MS Exchange Server vulnerability gives hackers admin privileges
A new vulnerability has been found in Microsoft Exchange Server 2013, 2016 and 2019. This new vulnerability is called PrivExchange and is actually a zero-day vulnerability.
Exploiting this security hole, an attacker can gain Domain Controller admin privileges using the credentials of an exchange mailbox user with the help of simple Python tool.
This new vulnerability was highlighted by a researcher Dirk-Jan Mollema on his personal blog a week ago. In his blog, he discloses important information about PrivExchange zero-day vulnerability.
He writes that this is not a single flaw whether comprises of 3 components which are combined to escalate the access of an attacker from any user with a mailbox to Domain Admin.
These three flaws are:
- Exchange Servers have (too) high privileges by default
- NTLM authentication is vulnerable to relay attacks
- Exchange has a feature which makes it authenticate to an attacker with the computer account of the Exchange server.
According to the researcher, the whole attack can be performed using the two tools named privexchange .py and ntlmrelayx. However, the same attack is still possible if an attacker lacks necessary user credentials.
In such circumstances, modified httpattack.py can be utilized with the ntlmrelayx to perform the attack from a network perspective without any credentials.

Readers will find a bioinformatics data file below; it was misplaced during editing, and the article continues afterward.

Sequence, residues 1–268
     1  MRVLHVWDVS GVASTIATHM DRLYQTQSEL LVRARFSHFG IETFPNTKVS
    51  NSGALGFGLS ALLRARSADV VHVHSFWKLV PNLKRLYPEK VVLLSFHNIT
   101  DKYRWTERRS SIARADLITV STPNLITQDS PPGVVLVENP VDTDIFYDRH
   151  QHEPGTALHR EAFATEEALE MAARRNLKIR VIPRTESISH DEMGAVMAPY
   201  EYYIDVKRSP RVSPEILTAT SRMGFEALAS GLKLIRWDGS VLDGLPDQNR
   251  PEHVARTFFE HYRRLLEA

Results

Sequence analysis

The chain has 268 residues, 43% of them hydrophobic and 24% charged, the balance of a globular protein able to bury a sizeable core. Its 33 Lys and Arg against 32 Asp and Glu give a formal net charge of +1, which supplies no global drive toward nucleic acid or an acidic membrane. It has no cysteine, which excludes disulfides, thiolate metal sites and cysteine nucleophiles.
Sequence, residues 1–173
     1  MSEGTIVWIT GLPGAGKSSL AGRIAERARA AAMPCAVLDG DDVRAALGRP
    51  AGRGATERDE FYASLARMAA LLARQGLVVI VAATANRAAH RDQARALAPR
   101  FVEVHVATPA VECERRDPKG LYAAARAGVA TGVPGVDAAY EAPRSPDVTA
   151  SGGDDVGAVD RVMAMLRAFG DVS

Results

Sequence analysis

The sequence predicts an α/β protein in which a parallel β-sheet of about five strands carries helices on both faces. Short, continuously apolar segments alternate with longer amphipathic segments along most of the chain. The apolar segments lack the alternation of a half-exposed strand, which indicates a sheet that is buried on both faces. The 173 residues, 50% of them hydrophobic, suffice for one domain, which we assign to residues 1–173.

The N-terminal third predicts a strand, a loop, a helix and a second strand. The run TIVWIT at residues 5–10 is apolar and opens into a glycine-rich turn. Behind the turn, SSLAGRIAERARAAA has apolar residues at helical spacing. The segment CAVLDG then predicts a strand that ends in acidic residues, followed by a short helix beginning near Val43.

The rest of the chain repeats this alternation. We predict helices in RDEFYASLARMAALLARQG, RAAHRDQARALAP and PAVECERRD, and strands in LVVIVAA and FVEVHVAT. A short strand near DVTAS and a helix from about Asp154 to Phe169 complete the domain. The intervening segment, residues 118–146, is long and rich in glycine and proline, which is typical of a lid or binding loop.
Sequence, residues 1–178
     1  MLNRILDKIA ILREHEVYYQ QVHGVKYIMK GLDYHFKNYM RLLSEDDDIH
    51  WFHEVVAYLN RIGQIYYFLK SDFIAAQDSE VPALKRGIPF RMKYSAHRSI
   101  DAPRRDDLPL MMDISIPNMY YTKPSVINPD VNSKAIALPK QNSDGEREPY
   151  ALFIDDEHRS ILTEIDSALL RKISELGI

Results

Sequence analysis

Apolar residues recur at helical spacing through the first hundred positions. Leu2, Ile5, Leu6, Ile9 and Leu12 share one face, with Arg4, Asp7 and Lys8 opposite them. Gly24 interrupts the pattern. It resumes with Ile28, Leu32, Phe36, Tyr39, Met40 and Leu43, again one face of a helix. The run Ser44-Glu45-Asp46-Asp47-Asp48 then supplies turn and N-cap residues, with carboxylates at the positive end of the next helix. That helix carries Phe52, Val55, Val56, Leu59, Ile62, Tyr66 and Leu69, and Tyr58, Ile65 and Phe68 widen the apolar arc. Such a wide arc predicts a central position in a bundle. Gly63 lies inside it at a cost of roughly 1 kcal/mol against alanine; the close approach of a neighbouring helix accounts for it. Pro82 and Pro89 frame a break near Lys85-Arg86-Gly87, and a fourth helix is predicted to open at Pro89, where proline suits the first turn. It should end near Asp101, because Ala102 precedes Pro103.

How to mitigate Microsoft Exchange Server vulnerabilities
No patches to fix this zero-day vulnerability have been proposed by Microsoft yet. However, in the same blog post, Dirk-Jan Mollema communicates some mitigations that can be applied to protect the server from the attacks.
The proposed mitigations are:
- Blocking exchange servers from establishing relations with other workstations
- Eliminating the register key
- Implementing SMB signing on Exchange servers
- Removing unnecessary privileges from the Exchange domain object
- Enabling Extended Protection for Authentication on the Exchange endpoints in IIS, excluding Exchange Back End ones because this would break Exchange).
Additionally, you can install one of these antivirus solutions for Microsoft Server 2013.
The PrivExchange attacks have been confirmed on the fully patched versions of Exchange and Windows servers Domain Controllers like Exchange 2013, 2016 and 2019.
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